<wsdl:operation name="sendRequest" parameterOrder="request requestHeader">
<wsdl:input message="GenericRequest" />
<wsdl:output message="GenericResponse" />
<wsdl:fault message="SystemError" name="SystemError" />
This web service is actually the (one and only) entry point to a "service platform."
We see the operation sendRequest, with a GenericRequest message as input, and a GenericResponse message as output. Here are the definitions:
<xsd:element name="GenericRequest" type="xsd:base64Binary" />
<xsd:element name="response" type="xsd:base64Binary" />
<xsd:element ref="Errors" />
Both input and output messages are base64 encoded binaries.
Well, in reality, I also received a large bundle of XML schemas defining what these binaries actually could be: a whole bunch of XML messages, all base64 encoded.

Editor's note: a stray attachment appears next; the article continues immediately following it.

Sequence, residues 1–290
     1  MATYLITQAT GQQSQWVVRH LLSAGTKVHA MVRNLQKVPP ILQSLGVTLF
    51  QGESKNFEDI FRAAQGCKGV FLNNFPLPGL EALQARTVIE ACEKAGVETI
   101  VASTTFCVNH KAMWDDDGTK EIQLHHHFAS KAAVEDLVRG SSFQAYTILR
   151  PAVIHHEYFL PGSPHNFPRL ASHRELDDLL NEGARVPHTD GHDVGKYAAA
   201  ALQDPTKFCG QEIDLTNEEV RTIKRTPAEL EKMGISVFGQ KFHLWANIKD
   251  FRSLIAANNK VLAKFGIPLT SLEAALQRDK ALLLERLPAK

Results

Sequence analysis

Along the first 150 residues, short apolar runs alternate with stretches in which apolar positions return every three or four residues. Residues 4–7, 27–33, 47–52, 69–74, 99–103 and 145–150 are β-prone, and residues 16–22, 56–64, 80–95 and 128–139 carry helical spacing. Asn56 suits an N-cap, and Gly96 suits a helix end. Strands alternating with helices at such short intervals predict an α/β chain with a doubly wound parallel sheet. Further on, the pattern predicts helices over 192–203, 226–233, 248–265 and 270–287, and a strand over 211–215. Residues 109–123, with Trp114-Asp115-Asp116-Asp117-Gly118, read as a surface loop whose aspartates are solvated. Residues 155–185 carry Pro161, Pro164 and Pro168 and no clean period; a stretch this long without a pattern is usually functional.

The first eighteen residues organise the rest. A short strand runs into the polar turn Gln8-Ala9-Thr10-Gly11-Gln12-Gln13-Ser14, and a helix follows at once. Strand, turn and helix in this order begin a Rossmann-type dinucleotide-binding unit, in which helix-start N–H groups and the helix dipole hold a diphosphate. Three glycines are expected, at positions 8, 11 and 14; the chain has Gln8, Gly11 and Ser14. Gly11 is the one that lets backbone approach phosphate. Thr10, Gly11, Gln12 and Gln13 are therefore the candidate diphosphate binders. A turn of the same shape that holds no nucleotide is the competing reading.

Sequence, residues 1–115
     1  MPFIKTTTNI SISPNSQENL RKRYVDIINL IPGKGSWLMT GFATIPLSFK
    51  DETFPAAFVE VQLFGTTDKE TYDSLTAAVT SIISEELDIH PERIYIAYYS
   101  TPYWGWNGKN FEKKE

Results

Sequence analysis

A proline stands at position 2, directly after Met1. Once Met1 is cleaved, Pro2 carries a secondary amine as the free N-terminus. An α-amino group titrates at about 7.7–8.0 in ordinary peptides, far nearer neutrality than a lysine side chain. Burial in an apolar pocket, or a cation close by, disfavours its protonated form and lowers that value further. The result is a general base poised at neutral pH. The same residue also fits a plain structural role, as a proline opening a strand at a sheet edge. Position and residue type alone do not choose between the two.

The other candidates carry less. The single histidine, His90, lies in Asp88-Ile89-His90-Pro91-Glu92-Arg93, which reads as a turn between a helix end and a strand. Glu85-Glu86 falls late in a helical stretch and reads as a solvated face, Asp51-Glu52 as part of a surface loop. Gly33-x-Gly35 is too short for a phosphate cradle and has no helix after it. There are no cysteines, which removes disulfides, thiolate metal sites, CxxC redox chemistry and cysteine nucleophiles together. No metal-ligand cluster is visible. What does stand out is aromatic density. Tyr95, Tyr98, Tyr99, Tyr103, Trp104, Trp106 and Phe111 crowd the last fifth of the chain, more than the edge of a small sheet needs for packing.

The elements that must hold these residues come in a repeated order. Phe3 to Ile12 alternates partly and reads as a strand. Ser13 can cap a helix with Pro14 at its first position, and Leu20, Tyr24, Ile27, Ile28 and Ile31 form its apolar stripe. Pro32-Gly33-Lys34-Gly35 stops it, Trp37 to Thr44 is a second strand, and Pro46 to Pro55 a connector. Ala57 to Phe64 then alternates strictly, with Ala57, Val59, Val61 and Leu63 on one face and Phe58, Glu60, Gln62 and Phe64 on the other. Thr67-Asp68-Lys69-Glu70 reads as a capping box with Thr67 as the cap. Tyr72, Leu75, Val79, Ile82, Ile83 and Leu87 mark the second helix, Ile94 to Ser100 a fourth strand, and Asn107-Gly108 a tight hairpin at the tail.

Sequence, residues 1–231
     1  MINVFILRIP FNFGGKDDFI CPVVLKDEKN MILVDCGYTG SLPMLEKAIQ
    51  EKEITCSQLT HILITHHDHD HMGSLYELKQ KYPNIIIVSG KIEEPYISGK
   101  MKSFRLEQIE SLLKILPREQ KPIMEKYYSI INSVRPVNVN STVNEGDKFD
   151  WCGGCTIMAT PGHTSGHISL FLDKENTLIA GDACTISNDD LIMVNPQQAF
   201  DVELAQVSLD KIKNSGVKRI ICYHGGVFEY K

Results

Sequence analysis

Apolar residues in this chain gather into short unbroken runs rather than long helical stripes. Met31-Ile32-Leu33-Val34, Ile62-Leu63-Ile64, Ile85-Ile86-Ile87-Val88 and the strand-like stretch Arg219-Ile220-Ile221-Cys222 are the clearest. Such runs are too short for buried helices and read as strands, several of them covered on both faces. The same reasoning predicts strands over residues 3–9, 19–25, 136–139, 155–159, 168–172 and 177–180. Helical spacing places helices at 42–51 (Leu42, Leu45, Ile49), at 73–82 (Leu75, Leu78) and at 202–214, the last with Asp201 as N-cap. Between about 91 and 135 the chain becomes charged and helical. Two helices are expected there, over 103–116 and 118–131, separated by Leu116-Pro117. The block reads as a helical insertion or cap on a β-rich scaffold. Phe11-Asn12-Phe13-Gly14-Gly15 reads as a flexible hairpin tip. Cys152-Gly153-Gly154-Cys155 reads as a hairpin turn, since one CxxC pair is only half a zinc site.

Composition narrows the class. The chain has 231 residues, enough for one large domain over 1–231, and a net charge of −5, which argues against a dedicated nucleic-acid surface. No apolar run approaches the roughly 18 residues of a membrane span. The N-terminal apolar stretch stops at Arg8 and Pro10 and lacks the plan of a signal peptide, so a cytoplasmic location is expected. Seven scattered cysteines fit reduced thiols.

This is a beautiful example of how web service contracts should not be made.
From the WSDL, the consumer cannot infer at all what the contract is really about. He will need to check additional documentation to figure this out. And indeed, many (>30!) documents accompany the WSDL. Good luck! Hope you don't miss a subtle point somewhere.
And why base64 encoded XML? Base64 is good for real binaries, like images, pdf documents, etc., if you can't send them as attachments, but it is not particularly good for plain text or XML. It makes it hard to unmarshall the XML.
Basically, the base64encoding is an example of a do-it-yourself transport; a protocol that needs to be specifically implemented by both service and consumer. It's embedded within the standard SOAP transport, which may make people think it is standard, but it isn't.
This type of web service violates any good service oriented design. It leads to unnecessary high costs for all parties involved. The governance of future change is going to be a nightmare, and the operations support will be very costly.
This is a legacy system from day one!